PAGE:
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The Daily Tar Heel

Congress Plans to Fill Vacant Seats

Student Congress members condemned the terrorist attacks and discussed filling vacant seats Tuesday night.

Congress began their meeting by passing a resolution condemning the Sept. 11 terrorist attacks on New York and Washington, D.C.

The resolution states that Congress condemns "in the strongest possible terms" the terrorists who planned and carried out the attacks and "commits to encourage the students of the University of North Carolina at Chapel Hill to support the victims, survivors, rescue workers and others in their efforts in New York and Washington."

Congress also passed a resolution condemning racially motivated bigotry and violence in the wake of the terrorist attacks.

Rep. Gregory Wahl, Dist. 1, said Congress passed the resolutions as a statement of their support for the victims of the attack.

"The purpose of resolutions for Student Congress is to show unity behind a cause," Wahl said.

In addition, Student Body President Justin Young presented Congress with his administration's October Report, a detailed description of projects his administration is presently working on or plans to address this semester.

Young discussed the executive branch's involvement with a number of student organizations and causes, including the Carolina Lobby Corps, a group of students trained to lobby their state and local representatives and help make the student voice heard among lawmakers.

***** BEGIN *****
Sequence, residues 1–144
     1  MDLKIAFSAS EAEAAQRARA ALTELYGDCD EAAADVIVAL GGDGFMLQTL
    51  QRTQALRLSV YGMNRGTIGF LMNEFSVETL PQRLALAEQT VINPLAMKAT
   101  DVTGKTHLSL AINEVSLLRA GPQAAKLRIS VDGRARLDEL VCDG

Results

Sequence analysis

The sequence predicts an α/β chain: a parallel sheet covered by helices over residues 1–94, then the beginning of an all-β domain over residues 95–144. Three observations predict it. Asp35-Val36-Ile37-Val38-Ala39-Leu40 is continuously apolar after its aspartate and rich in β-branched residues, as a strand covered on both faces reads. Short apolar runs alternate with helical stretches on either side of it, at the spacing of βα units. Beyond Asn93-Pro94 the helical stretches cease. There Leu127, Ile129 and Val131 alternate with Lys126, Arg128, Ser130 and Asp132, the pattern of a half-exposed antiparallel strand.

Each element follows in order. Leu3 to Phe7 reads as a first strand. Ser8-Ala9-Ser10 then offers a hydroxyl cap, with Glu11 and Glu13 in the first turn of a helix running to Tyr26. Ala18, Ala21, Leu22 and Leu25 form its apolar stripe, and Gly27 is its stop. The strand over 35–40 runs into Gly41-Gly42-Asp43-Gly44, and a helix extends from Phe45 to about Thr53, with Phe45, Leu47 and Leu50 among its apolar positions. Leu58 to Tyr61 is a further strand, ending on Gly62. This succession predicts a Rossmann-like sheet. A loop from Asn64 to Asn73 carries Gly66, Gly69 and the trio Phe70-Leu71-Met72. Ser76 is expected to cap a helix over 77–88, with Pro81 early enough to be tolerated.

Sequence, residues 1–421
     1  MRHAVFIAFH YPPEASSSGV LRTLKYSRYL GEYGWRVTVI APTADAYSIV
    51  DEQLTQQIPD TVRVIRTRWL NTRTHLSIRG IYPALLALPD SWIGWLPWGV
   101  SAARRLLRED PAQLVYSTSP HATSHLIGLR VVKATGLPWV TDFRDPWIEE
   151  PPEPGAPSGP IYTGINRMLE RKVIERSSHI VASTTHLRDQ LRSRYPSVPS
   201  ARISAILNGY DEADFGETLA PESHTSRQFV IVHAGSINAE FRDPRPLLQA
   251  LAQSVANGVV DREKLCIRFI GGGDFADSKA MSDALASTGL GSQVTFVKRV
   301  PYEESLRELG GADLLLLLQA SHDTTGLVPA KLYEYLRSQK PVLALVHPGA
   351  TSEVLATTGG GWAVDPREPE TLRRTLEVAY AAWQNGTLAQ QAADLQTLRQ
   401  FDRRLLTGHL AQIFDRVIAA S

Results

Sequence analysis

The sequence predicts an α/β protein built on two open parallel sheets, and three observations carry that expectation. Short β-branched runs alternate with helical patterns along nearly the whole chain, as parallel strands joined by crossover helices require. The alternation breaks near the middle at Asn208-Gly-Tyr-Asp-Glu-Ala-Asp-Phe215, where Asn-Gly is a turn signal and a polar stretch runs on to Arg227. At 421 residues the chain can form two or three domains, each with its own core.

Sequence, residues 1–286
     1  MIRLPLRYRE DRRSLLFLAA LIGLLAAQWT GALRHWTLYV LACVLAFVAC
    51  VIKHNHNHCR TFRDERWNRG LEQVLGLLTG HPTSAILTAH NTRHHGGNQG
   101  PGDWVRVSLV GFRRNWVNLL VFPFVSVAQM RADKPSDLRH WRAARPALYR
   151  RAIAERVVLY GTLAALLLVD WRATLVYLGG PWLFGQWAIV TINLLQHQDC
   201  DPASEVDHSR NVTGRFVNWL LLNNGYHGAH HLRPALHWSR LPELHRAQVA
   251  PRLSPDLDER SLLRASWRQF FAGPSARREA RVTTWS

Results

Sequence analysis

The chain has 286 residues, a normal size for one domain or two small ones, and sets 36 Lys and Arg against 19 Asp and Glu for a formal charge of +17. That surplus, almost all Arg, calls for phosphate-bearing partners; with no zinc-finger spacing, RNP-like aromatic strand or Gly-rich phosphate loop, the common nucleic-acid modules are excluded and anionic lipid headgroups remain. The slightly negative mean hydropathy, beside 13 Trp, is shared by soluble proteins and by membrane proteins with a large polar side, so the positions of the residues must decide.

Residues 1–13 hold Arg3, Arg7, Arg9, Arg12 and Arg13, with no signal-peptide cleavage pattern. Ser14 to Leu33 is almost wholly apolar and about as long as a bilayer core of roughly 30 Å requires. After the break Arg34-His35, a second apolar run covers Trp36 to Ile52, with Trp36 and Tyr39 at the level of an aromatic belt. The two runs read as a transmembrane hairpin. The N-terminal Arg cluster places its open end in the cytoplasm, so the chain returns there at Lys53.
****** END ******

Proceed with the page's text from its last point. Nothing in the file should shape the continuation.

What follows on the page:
In addition to presenting the report, Young issued an executive order for a special congressional election to fill what has become an overwhelming number of vacant seats in Congress.

The special election will be held Nov. 7, the same day as the Homecoming King and Queen election.

Young said that he and Emily Margolis, Board of Elections chairwoman, decided to schedule the congressional and Homecoming elections on the same day in an effort to increase voter turnout.

Candidates must notify the elections board of their intentions to run for a seat no later than two weeks before the Nov. 7 election.

Young said he is not overly optimistic about the prospects of attracting candidates to fill the vacancies in Congress.

"We're out and about, spreading the word," he said. "But it's tough to get people to run."

In addition, Congress confirmed that it will have more than enough money to operate and fund student groups for the 2001-02 academic year.

Finance Committee Chair Tony Larson said Congress has more than $30,000 that can be distributed to student organizations this semester and about the same for the spring semester.

"There is no budget crunch," said Speaker Mark Townsend.

Congress also approved the 10 nominees to the Freshman Focus Council. "The council is a subset of the executive branch that acts as the liaison between the freshman class and student government," said Kim Sexton, the group's advisor.

The council plans to address a number of issues important to freshmen, including academic advising, the C-TOPS program, cultural diversity on campus and transportation concerns of South Campus residents.

The University Editor can be reached at

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